I normally seek out remote hard to get to camps that instil a sense of adventure, but there are times when a quick dose of fresh air and green space is best served by a camp site that is near to home and doesn’t need a big clean up of the rig afterward.
Glen Rock National Park is just north of the Goomburra area where I’d camped previously, but is in the rain shadow on leeward side of the mountains which makes it drier with more open forest. Formerly grazing land, the park is also a state forest for mixed use access and is particularly well set up for mountain biking and horse trail riders.
The drive into Glen Rock takes you through the rich farming lands of the lower Darling Downs, with small crops and orchards surrounding the road for most of the drive once you turn off the Warrego Highway. Eventually the bitumen road narrows to a single lane that fords Blackfellow Creek several times, then becoming gravel for the final few kilometres into the Casuarina Camping Area.
Casuarina is a pretty little camping area in three parts; an open walk-in tent pitching area, a driving loop with camper sites and a large group area with a large rooved shelter shed. All areas were green and mowed when I was there, though I suspect they would get dry toward end of winter. And the reason I chose this one, camp fires are allowed, with fire pits provided at most sites. Some sites even have a picnic shelter if you want to leave your chairs and table at home.
I was lucky to be at Glen Rock mid week and found the main camping area empty, other than one tent site at opposite side of the grounds. It is an open camping area with no designated sites, so I parked and opened up the X3 in a quiet corner of the park and soon had a fire going, then settled in for the afternoon.
As well as fresh air and solitude I came out here looking for a place to experiment with with the camera, throw the drone up for a fly and shoot some video about safe use of the X3’s recovery points. Its a long story, but the video was short lived on YouTube because Patriot Campers asked me to take it down until they resolved some issues with testing and certification of their trailer recovery attachment points.
The rugged hills around Glen Rock were taking on a golden hue as the sun sank lower, illuminating the rocky knob on the adjacent hill after which the park is named.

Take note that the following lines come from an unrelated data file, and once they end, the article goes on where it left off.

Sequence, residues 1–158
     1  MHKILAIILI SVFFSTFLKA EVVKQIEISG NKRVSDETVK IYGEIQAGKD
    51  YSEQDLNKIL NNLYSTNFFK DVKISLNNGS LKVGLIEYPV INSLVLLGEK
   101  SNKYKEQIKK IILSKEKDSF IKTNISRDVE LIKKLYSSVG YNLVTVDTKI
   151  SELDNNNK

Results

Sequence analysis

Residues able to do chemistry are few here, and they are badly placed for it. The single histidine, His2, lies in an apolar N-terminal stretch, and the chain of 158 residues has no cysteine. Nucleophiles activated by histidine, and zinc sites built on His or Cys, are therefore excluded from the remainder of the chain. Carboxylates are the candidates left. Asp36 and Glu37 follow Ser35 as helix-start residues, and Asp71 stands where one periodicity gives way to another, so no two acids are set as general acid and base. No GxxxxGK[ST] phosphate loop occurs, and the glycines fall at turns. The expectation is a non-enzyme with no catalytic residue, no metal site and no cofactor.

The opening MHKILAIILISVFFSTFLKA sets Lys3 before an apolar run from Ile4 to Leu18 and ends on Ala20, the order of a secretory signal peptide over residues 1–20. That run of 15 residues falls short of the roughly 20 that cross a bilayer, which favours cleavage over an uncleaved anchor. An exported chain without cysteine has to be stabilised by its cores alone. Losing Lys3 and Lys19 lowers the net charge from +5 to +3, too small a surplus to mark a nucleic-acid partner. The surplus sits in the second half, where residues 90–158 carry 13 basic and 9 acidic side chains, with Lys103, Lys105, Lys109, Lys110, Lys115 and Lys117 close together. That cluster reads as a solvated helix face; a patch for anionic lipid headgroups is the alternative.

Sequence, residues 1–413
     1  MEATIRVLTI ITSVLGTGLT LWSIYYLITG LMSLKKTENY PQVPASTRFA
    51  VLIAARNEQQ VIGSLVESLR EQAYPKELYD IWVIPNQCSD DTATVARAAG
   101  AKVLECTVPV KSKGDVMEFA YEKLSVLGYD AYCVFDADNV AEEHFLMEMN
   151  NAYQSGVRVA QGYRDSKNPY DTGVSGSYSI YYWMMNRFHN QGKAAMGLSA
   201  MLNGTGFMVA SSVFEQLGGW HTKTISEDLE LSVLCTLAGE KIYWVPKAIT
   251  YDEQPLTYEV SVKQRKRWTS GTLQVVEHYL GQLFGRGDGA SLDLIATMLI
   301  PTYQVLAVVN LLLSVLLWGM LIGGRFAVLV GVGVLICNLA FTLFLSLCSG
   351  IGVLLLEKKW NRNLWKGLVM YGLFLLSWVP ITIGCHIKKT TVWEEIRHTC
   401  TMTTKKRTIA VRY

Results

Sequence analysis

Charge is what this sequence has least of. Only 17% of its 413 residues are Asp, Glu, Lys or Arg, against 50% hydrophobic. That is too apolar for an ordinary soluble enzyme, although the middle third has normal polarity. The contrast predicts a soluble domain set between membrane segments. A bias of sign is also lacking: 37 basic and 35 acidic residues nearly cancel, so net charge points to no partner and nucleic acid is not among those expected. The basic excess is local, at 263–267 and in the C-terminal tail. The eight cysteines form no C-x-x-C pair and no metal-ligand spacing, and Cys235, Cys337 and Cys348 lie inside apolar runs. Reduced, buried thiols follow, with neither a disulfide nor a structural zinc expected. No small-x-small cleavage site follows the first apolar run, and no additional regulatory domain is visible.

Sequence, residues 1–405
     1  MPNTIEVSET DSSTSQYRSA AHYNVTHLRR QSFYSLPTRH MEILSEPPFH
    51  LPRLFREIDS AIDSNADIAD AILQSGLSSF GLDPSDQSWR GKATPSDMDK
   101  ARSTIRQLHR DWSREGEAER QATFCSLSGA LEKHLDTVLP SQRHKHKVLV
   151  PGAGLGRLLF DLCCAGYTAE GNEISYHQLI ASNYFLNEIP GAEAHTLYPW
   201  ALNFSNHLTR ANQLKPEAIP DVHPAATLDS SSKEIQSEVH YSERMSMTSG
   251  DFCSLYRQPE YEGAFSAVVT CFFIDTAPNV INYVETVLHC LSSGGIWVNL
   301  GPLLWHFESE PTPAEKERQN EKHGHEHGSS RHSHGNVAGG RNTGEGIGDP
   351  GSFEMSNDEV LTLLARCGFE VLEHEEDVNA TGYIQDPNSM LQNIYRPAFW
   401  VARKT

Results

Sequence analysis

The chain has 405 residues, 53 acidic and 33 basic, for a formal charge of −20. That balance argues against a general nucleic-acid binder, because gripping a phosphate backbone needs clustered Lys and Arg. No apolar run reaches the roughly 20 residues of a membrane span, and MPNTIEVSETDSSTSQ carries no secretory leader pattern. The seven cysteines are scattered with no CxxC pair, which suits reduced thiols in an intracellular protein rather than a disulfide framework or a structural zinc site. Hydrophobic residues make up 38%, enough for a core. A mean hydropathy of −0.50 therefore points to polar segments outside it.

I always like to camp and tour at places with a historical link or story, and Glen Rock has its very own pioneer slab hut, which was once a mustering outbuilding for the cattle property that occupied the valley.
A chill settled quickly across the park once the sun dropped below the ridgeline, which signalled that it was time to grill up some dinner. I took the easy option of firing up the Weber rather than cooking over the fire, preferring to use the hot coals to keep warm while the steak sizzled over a gas flame.
Clear skies after dinner were perfect to experiment with some long exposure photography and the camper’s electronic equipment lights added to the effects I could create.
After playing around with the camera for a while it was time for bed, and the comfort of the X3 was a step up from the swag I usually use when out on my own. It often feels unnaturally quiet on the first night in the bush, and this one was like that other than the occasional distant howling of a dingo far up the valley. Soon enough though, I was asleep with the morning to come around far too quickly.
Casuarina Camping Area at Glen Rock National Park is a great little camp site and quite pretty when there has been enough rain to green the grass. The camping sites were really well maintained when I visited, including well kept native shrubs to divide the sites. Facilities are basic National Park composting long drop toilets and there is non-potable water reticulated to some sites near to the amenities block. The camp site is highly recommended, particularly if you want somewhere accessible by a conventional vehicle and want to take a mountain bike or your hiking boots out on a trail.